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mucopolyssacharide extract?

 
Steven Baxter
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I am interested to know if anyone has done an extraction for mucopolyssacharides. I have heard of using the percolating method and then putting it in a double boiler, but I am not too confident in doing it yet.
 
Jonathan Byron
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Meat soup or stew - crack the bones and cook it in liquid. The marrow and gristle are decent sources of mucopolysaccharides, and this is something that has been eliminated from the 'modern' diet.

 
Corin Royal Drummond
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oracle McCoy wrote:I am interested to know if anyone has done an extraction for mucopolyssacharides. I have heard of using the percolating method and then putting it in a double boiler, but I am not too confident in doing it yet.


Mucilaginous plants include marshmallow, nopal cactus, and chia seeds. Mucilage can be obtained by suspended cold infusion. Take the herb and place it in a porous sock or sieve to hang in a container of water near the surface (but with room for the herb to expand) overnight. This is an excellent method for extracting many plants. It works by creating a turbidity current that washes the herb with clear water as the heavier, solute-laiden water sinks. If you throw the herbs in a pot overnight without suspending them, there will be a small amount of mucilage in the bottom and clear water above.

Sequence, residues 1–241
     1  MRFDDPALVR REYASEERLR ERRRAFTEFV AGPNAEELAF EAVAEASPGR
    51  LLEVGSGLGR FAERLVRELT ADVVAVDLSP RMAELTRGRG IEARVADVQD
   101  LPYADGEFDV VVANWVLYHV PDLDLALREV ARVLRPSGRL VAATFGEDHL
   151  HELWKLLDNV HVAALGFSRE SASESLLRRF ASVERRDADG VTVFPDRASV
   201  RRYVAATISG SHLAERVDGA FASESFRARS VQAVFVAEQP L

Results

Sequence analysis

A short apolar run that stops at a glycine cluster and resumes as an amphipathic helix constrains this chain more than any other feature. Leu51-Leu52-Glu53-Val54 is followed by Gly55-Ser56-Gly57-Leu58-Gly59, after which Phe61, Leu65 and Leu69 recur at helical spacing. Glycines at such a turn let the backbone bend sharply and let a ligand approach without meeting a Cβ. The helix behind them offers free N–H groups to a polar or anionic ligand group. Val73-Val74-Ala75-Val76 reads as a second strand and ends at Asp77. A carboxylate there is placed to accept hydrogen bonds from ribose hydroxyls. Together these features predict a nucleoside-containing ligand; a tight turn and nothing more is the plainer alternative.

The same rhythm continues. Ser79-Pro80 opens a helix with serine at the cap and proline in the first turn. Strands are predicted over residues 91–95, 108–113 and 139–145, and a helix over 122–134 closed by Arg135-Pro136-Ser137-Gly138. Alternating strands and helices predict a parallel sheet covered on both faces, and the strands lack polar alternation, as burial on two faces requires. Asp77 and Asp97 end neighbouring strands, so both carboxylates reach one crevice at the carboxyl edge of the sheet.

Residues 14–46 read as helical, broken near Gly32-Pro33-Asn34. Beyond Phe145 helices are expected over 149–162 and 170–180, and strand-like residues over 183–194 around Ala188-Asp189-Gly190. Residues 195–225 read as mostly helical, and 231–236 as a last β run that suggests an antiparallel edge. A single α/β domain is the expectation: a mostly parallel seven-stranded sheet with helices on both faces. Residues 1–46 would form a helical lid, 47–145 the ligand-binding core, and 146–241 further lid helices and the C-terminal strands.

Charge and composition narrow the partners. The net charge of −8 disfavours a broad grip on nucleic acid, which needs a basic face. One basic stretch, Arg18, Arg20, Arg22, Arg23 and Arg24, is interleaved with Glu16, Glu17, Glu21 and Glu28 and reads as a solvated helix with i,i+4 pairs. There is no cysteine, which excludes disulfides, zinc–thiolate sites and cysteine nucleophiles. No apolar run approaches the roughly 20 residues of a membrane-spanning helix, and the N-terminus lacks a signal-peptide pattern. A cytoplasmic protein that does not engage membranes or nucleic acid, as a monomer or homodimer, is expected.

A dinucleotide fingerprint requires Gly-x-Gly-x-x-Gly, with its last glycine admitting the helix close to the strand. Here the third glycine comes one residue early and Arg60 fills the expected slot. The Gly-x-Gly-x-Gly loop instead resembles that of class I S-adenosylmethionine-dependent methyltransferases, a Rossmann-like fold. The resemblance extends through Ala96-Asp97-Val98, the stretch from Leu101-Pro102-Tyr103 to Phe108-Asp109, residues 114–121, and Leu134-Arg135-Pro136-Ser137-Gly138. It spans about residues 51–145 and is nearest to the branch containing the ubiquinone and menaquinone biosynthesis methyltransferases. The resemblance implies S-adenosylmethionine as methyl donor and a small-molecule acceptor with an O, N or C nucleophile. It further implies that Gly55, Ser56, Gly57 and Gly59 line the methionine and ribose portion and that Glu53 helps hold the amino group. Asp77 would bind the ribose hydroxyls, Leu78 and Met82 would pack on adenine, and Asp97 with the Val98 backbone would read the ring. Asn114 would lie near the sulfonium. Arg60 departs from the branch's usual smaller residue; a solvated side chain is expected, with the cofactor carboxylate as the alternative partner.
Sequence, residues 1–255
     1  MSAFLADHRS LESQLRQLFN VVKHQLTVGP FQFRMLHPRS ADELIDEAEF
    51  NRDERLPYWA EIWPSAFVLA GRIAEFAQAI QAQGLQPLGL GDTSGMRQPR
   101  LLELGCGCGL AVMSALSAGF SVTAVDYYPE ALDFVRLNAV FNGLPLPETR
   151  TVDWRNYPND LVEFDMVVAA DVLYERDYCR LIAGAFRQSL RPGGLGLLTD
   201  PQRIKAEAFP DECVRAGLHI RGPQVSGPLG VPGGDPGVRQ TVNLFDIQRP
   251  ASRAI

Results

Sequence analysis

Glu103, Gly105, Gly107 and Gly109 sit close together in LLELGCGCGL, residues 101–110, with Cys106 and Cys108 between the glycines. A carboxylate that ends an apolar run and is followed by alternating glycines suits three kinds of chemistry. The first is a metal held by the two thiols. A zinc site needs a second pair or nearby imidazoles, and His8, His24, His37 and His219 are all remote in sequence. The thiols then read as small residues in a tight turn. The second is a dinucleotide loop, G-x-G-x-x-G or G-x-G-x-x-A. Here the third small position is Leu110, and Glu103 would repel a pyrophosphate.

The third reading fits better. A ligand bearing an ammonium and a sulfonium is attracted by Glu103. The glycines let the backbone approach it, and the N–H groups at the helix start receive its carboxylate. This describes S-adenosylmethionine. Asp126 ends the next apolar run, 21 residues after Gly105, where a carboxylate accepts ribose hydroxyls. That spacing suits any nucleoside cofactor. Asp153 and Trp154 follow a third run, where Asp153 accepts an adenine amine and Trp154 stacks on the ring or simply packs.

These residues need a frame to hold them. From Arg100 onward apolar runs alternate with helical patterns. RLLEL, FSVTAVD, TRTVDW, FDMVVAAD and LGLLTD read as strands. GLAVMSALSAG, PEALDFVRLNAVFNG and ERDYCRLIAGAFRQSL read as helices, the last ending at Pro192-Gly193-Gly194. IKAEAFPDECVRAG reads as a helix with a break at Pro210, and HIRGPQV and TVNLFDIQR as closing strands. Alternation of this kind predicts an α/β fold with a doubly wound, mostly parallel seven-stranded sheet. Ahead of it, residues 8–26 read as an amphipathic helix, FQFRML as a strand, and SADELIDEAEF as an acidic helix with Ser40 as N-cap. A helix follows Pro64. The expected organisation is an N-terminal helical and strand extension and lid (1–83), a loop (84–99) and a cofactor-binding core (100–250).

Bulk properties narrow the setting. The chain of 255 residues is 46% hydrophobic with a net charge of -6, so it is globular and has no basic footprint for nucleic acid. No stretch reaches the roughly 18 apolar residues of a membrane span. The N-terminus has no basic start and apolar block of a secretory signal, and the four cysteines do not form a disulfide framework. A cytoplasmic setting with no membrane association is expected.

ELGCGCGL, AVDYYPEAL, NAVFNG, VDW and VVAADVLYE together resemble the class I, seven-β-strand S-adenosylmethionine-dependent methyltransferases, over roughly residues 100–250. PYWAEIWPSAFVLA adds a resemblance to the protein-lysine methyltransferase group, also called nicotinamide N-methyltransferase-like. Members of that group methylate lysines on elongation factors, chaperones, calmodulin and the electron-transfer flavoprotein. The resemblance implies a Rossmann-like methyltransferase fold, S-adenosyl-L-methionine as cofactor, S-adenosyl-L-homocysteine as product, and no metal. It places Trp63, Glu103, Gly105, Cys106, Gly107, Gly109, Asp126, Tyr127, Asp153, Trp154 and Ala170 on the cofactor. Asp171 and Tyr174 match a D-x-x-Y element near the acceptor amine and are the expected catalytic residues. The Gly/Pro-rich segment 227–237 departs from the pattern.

If you are just wanting to add some soluble fiber to your diet, nopal cactus, okra, sasafrass leaves (for gumbo), and chia seeds for drinks and oatmeal are excellent. Oh yeah, oats are great source of mucilage. There's no need to extract what you can just eat.
 
kiti madee
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The information is very interesting. Thanks for sharing this.
 
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